A leading housing market bear says banks in the New York City area have so far refrained from foreclosing on owners who owe more than their properties are worth. But analyst Keith Jurow doesn’t expect that trend to last much longer.
In fact, writes Jurow:
Within a year, I expect many of the [nation's] weakest markets to show signs of unraveling. Perhaps the most vulnerable market is the entire NYC metro area. Sooner or later, the banks will have to start foreclosing or even doing short sales. When these properties hit the market in significant numbers, I have no doubt that prices in the entire region – where 19 million people reside – will collapse.
New York City, which accounts for 44 percent of the jobs in New York State, gained 181,000 jobs since the recession, almost 41,000 more than it lost. Rochester regained 15,900 of the 19,000 jobs it lost.
While New York City’s suburbs have reported moderate gains, several upstate cities have regained only a portion of the jobs lost during the recession, and some have continued to lose jobs. For example, Syracuse has regained just 6,900 of the 13,700 jobs it lost during the recession while Buffalo has regained 11,900 of the 21,000 jobs lost. Additionally, many of the jobs added during the recovery were in industries that pay less, on average, than those lost during the recession.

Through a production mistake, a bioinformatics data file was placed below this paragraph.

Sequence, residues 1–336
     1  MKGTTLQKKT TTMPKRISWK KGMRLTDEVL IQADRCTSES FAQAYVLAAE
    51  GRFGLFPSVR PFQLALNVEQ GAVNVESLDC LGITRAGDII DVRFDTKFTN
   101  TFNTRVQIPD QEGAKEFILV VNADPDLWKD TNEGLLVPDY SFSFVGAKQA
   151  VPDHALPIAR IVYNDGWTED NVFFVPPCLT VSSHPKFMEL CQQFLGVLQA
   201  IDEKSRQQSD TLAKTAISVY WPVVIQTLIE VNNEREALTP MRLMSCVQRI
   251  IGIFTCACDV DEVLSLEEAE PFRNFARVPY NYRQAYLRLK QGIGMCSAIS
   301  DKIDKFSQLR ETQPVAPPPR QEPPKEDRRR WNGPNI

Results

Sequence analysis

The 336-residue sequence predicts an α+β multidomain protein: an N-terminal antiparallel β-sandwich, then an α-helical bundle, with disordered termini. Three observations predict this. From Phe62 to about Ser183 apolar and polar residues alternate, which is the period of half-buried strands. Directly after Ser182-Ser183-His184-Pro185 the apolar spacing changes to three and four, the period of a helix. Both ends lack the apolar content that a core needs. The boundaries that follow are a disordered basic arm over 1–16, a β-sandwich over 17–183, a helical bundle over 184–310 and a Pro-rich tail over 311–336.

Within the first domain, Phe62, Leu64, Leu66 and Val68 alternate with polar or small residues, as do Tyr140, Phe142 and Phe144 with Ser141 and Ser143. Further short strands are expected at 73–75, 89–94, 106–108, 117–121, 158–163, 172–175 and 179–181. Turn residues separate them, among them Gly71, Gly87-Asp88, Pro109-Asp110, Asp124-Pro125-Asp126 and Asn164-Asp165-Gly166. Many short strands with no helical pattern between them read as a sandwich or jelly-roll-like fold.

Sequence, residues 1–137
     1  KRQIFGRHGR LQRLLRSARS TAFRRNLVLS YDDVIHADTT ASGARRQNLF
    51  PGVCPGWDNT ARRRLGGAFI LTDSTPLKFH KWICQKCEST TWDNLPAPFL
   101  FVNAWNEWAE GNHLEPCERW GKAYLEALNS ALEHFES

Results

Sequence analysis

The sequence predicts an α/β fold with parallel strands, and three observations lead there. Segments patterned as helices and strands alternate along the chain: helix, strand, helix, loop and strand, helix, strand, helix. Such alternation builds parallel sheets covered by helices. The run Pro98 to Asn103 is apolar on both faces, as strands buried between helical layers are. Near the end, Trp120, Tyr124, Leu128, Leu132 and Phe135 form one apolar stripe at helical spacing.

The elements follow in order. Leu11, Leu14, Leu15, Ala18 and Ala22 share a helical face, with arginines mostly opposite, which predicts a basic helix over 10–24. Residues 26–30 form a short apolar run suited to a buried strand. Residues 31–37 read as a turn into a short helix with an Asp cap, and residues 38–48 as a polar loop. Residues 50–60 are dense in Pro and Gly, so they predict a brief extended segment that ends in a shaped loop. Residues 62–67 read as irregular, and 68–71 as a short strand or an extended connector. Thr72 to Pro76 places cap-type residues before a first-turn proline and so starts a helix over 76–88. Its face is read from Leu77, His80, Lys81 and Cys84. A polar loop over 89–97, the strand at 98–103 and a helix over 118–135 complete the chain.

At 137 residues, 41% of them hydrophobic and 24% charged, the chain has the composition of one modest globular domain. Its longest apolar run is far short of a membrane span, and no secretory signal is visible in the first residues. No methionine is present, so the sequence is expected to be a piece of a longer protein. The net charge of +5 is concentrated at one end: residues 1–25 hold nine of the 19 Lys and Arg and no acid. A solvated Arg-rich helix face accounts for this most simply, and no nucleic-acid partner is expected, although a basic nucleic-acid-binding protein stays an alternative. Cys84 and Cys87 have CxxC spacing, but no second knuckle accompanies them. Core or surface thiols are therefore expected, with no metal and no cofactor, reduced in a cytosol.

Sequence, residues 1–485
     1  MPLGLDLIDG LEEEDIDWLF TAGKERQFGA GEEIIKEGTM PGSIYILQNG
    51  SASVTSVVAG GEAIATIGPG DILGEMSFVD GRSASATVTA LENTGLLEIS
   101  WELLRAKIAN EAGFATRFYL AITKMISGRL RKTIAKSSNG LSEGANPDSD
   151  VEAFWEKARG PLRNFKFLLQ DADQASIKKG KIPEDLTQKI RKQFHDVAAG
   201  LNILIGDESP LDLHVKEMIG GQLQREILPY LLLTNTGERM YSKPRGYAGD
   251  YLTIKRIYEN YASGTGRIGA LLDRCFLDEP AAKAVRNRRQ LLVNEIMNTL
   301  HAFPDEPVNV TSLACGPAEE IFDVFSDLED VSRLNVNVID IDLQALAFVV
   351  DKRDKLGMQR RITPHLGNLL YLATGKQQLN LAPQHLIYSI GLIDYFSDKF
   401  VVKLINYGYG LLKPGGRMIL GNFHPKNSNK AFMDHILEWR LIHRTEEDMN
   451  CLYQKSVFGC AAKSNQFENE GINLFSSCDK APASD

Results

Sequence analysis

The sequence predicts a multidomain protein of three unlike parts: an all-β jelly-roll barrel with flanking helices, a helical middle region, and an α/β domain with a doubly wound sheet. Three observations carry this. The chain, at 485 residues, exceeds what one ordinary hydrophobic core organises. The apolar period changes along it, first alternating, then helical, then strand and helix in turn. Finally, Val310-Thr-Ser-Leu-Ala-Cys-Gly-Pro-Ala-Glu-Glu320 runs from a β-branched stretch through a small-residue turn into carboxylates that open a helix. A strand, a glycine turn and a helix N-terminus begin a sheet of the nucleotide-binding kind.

And this is consistent with what Nicole Gelinas wrote in the New York Post yesterday about the dichotomy between New York City’s economic recovery and its budget outlook:
Wall Street is still 13,900 jobs short of its 2007 peak; the big employment growth is in other sectors. These are good jobs — but they don’t pay the “luxury city” bonuses needed to feed the city’s budget.
Because of lower bonuses, the average wage earned in the city is 4.7 percent below the 2008 peak (adjusted for inflation). Meanwhile, City Hall spending is up 7.9 percent. We’re like the Wall Streeter whose bonus has plummeted but who can’t rein in his big-wheel spending.